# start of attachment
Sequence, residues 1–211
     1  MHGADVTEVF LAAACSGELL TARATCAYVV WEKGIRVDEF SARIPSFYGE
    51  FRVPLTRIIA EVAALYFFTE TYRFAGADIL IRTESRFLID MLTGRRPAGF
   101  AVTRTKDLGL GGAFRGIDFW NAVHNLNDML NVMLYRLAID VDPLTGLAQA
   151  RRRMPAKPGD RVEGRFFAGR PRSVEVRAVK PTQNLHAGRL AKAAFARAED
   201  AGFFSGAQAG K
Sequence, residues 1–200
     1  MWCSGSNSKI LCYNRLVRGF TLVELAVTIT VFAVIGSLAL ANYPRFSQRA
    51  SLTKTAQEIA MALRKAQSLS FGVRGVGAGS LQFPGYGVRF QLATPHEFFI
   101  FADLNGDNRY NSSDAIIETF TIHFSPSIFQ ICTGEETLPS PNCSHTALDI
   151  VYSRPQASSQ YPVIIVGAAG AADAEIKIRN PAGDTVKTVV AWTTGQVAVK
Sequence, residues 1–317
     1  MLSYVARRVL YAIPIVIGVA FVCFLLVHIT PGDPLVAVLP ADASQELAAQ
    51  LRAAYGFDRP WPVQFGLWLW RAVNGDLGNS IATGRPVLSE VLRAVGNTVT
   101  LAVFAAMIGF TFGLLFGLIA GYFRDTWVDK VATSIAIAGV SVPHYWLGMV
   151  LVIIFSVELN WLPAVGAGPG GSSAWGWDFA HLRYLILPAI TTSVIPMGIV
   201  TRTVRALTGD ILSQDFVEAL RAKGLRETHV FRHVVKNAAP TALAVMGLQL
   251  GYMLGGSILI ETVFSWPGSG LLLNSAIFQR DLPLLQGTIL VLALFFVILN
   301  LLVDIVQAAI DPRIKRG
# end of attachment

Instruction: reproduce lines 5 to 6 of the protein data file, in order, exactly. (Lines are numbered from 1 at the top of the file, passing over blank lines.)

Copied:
   151  RRRMPAKPGD RVEGRFFAGR PRSVEVRAVK PTQNLHAGRL AKAAFARAED
   201  AGFFSGAQAG K